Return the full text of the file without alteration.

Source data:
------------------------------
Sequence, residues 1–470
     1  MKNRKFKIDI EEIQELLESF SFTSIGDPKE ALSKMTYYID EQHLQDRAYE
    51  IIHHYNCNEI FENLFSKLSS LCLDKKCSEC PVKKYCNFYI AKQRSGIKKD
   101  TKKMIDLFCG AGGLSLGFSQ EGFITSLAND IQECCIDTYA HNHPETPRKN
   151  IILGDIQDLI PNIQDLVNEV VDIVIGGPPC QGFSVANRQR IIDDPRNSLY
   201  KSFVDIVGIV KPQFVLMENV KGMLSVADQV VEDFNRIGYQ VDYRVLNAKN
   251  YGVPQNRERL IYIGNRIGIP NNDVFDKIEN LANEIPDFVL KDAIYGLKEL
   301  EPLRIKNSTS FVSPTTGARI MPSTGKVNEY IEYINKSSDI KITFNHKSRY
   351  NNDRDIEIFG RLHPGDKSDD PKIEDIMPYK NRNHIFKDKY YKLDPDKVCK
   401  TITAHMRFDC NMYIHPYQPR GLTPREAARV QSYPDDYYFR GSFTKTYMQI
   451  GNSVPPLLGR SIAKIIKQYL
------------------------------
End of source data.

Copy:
Sequence, residues 1–470
     1  MKNRKFKIDI EEIQELLESF SFTSIGDPKE ALSKMTYYID EQHLQDRAYE
    51  IIHHYNCNEI FENLFSKLSS LCLDKKCSEC PVKKYCNFYI AKQRSGIKKD
   101  TKKMIDLFCG AGGLSLGFSQ EGFITSLAND IQECCIDTYA HNHPETPRKN
   151  IILGDIQDLI PNIQDLVNEV VDIVIGGPPC QGFSVANRQR IIDDPRNSLY
   201  KSFVDIVGIV KPQFVLMENV KGMLSVADQV VEDFNRIGYQ VDYRVLNAKN
   251  YGVPQNRERL IYIGNRIGIP NNDVFDKIEN LANEIPDFVL KDAIYGLKEL
   301  EPLRIKNSTS FVSPTTGARI MPSTGKVNEY IEYINKSSDI KITFNHKSRY
   351  NNDRDIEIFG RLHPGDKSDD PKIEDIMPYK NRNHIFKDKY YKLDPDKVCK
   401  TITAHMRFDC NMYIHPYQPR GLTPREAARV QSYPDDYYFR GSFTKTYMQI
   451  GNSVPPLLGR SIAKIIKQYL